Sat. Jun 22nd, 2024
christopher luxon latest

We’re fast approaching the sixth-month mark of the formation of our government, and I hope that Kiwis clearly understand our priorities by now.
Our team is laser focused on rebuilding the economy and reducing the cost of living so more New Zealanders can get ahead.

We are determined to deliver better public services like health and education, and you might have seen Finance Minister Nicola Willis talking about how both will receive a funding increase in next week’s Budget.

And we are absolutely committed to restoring law and order in this country.
Like all New Zealanders, I am sick of hearing stories about Kiwis who are the victims of violent attacks. I am sick of good citizens going to work worrying about when their business will be the next ram raid target. And I am sick of gang members acting as though they are above the law.
Sadly, New Zealand has become less safe after six years of soft-on-crime policies from Labour, where victims have not been prioritised.
Since 2018, gang membership has increased by 51 per cent, violent crime is up 33 per cent, ram raids have nearly quadrupled, and reports of retail crime have doubled.
Our government has committed to a very different approach to what we’ve seen over the last six years.
For us, making New Zealanders safer and reducing the number of victims is part of how we measure our success.

We’ve shown our commitment by focusing two of this government’s nine priority targets on restoring law and order. The first is to make sure there are 20,000 fewer victims of violent crime by 2029, and the second is to reduce serious youth offending by at least 15 per cent.
Without targets there is no motivation. I have made it clear that all agencies meet the targets of this Government.

Alongside this, we have an ambitious legislative agenda to get our law-and-order settings right. Our goal of keeping you safe is at the heart of the changes we’re making, and include:
• Three Strikes coming back,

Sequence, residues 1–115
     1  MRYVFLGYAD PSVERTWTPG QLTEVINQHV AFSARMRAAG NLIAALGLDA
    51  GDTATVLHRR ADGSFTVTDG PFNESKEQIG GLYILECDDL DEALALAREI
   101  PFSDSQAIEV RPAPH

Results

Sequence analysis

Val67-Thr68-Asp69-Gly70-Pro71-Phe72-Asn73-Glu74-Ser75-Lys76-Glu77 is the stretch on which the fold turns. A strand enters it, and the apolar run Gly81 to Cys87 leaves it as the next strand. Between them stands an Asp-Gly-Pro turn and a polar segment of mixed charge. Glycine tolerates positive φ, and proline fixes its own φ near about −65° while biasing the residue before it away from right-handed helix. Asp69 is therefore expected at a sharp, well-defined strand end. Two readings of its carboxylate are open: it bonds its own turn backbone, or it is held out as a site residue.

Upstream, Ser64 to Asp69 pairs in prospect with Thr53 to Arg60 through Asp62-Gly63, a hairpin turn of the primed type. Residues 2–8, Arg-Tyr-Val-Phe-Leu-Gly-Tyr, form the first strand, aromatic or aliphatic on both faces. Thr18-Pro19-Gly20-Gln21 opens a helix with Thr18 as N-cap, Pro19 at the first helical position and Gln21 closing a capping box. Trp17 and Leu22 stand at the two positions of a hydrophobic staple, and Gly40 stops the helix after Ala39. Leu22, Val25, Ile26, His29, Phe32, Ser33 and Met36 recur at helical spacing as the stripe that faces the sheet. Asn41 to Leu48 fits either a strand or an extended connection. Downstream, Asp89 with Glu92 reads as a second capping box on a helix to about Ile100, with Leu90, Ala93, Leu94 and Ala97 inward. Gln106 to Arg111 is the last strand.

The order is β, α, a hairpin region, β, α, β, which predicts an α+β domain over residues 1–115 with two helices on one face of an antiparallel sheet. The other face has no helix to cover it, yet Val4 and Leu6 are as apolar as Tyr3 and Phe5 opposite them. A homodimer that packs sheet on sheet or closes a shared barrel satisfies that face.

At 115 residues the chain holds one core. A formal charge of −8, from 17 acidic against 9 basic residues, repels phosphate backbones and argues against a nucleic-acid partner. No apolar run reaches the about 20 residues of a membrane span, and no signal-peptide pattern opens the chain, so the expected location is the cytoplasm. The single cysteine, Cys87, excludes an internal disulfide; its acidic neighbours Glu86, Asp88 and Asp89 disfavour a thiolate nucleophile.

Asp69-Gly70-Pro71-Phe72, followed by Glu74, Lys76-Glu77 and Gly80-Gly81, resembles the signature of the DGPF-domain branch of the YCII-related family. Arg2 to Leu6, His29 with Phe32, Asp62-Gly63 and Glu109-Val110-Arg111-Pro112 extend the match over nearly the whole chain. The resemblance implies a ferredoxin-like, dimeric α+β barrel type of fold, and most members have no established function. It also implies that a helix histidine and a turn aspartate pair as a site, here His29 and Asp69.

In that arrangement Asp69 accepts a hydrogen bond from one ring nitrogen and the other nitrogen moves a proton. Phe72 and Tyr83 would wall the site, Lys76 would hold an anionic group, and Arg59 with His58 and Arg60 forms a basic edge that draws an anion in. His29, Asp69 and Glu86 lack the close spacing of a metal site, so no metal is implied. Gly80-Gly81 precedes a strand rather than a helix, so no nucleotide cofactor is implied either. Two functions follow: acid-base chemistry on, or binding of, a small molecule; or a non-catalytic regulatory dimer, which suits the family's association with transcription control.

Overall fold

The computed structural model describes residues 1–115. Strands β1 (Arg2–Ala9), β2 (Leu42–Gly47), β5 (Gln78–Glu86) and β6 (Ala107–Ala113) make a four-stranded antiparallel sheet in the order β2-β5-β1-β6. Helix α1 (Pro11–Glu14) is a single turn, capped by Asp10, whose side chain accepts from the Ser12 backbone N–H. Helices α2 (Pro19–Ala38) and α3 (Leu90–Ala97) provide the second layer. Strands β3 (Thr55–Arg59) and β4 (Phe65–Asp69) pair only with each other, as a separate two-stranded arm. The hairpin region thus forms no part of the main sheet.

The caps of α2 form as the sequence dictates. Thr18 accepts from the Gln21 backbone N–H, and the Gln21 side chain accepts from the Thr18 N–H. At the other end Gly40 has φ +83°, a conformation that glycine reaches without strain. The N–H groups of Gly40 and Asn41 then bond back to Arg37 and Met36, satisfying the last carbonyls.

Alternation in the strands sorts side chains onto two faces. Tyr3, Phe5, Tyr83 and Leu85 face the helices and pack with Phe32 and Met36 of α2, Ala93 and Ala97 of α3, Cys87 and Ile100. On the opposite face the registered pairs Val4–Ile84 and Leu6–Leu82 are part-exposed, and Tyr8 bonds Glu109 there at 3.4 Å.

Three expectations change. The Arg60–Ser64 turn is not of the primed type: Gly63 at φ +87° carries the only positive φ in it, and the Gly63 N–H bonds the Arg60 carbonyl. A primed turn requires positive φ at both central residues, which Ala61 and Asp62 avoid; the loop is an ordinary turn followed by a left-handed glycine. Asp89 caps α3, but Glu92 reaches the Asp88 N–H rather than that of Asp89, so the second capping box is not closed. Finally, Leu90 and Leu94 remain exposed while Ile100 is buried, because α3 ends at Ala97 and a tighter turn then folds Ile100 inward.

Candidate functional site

• Ending public funding of Section 27 reports,
• Adding 500 new police officers to the front line,
• Putting gangs on notice and giving police substantial new powers to go after them,
• Establishing military academies for the most serious and repeat youth offenders, and changing the Sentencing Act so serious offending means serious consequences.

We will also remove the prison reduction target put in place by the previous government. That means that more violent repeat offenders will be put into prison. Putting more people behind bars is not something we want to do, but the increase in violent and retail crime has shown it is necessary in order to keep everyday Kiwis and retailers safe.

We have announced a $1.9 billion investment to increase the capacity of our prisons. This funding will go toward a range of initiatives, including hiring more corrections officers, and paying them more for the important work they do.

We will also invest in rehabilitation for remand prisoners to reduce re-offending and we will deliver an 810-bed expansion at Waikeria Prison.
Investing in Corrections will allow us to manage the growing prison population, protect New Zealanders, and give offenders the support they need to make positive change in their lives.

Ensuring our prisons are better resourced makes good sense. Victims of crime can have confidence that offenders who pose a risk to others will be effectively dealt with.

This is an investment in the safety of New Zealanders, and one that this Government is proud to make. -Christopher Luxon, Prime Minister of New Zealand

 

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